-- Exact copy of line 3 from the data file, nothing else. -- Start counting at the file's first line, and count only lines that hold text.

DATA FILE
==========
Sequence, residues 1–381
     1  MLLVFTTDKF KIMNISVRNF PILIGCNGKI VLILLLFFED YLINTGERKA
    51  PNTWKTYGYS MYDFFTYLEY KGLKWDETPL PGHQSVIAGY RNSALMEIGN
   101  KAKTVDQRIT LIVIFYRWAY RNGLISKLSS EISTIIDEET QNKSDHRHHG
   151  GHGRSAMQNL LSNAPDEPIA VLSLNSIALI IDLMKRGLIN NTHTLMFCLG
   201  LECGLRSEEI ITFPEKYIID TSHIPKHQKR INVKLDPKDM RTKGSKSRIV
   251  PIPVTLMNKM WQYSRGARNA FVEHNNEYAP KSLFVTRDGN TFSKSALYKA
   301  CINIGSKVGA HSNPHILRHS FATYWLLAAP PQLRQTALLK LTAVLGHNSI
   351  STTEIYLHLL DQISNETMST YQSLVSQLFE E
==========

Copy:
    51  PNTWKTYGYS MYDFFTYLEY KGLKWDETPL PGHQSVIAGY RNSALMEIGN